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Introduction

  • Haskell is a purely functional programming language.

  • "In purely functional programming you don't tell the computer what to do as such but rather you tell it what stuff is. … You express that in the form of functions. … "

  • A Haskell function cannot have side effects other than mapping its input to an output as a mathematical function.

  • Haskell is lazy in that it does not compute anything until it have to in order to return a value.

  • Haskell is statically typed.

    • Type inference allows deducing the appropriate type automatically by inference on compatibility between the inputs and outputs.

Starting out

Ready, set, go!

  • ghci: The Glorious Glasgow Haskell Compilation System. Environment to interactively compile and run Haskell programs. Exit GHCi using :quit. GHCi documentation.

  • Not-equal operator: /=.

  • Compile-time error on incompatible types: 123 + "foobar"

  • Compile a program: ghci> l:myprogram.hs.

  • ' is allowed in function name, e.g. foo'Bar is a valid function name.

  • Function names cannot begin with a lower-case letter.

An intro to lists

  • In Haskell, a strings is a lists of characters.

  • List and tuple syntax difference: [1, 2], (1, "foobar"). A tuple can contain elements of different types, while a list cannot. This bears some similarity with Python's lists and tuples. A difference is that in Python, lists are mutable but tuples are not.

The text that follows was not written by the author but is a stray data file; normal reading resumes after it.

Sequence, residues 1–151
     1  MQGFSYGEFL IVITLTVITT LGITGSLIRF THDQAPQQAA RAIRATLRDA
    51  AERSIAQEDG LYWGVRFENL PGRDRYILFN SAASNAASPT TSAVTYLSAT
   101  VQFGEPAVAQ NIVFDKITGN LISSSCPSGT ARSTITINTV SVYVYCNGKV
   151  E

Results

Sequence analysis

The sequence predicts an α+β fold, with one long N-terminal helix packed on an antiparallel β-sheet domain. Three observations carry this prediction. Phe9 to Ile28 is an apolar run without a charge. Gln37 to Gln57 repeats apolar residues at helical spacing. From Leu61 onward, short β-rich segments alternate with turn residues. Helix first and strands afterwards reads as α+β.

• Concatenate operation: [1, 2] ++ [3, 4], "foo" ++ "bar", ['a', 'b'] ++ ['c', 'd'].

  • [https://en.wikipedia.org/wiki/Cons cons] operation ::

    Prelude> 'f' : "bar"
    "fbar"
    Prelude> 1: [3, 4]
    [1,3,4]
    Prelude> 
    
    
  • If "XXX...XXX" is a very long string, "XXX...XXX" ++ "foobar" will be slow.

  • [1, 2, 3] equals 1 : 2 : 3 : [].

  • Take parts of a list: [1, 3, 5, 7] !! 2 returns 5. Haskell lists uses [zero-based numbering](https://en.wikipedia.org/wiki/Zero-based_numbering ). take 2 [1, 3, 5, 7] gives the third element 5. drop 2 [1, 3, 5, 7] gives [1, 3, 7]. Compare this to Mathematica {1,3,5,7}<span class="createlink"><a href="/pages/cgi-bin/ikiwiki.cgi?page=3&amp;from=computing%2Fprogramming%2FLearn_You_a_Haskell_for_Great_Good_reading_note&amp;do=create" rel="nofollow">?</a>3</span>, Take[{1,3,5,7}, {3}], Drop[{1,3,5,7}, {3}].

  • Test element membership in a list: elem 3 [2, 4, 6] and 2 \elem` [1, 3, 5, 7]`.

  • [[1, 2], ["foo", "bar"]] is invalid as the types of the elements of the two sub-lists are not same.

  • Lists compare in lexicographical order. E.g. [1, 3, 4] < [1, 4, 2].

  • head [1, 2, 3], tail [1, 2, 3], init [1, 2, 3], last [1, 2, 3]. Compare with Mathematica / Wolfram Langauge namings: First[{1,2,3}], Rest[{1,2,3}], Most[{1,2,3}], Last[{1,2,3}]

  • null [1, 2, 3], null []

Other side notes

  • One of the key features and advantanges of Haskell is its purity: all side-effects are encapsulated in a monad.

  • [https://en.wikipedia.org/wiki/Algebraic_data type Algebraic data type]:

    data List a = Nil | Cons a (List a)

    data Tree = Empty | Leaf Int | Node Tree Tree

Tree is a sum data type a.k.a. tagged union.

Tree is a recursive data type.

  • Pattern matching in Haskell:

    depth :: Tree -> Int
    depth Empty = 0
    depth (Leaf n) = 1
    depth (Node l r) = 1 + max (depth l) (depth r)
    
    

References

  • https://ghcformacosx.github.io/

  • Search a Haskell function by desired type signature, e.g. https://www.haskell.org/hoogle/?hoogle=String+-%3E+Int (And the desired function for turning an object to a String is possibly read :: Read a => String -> a).

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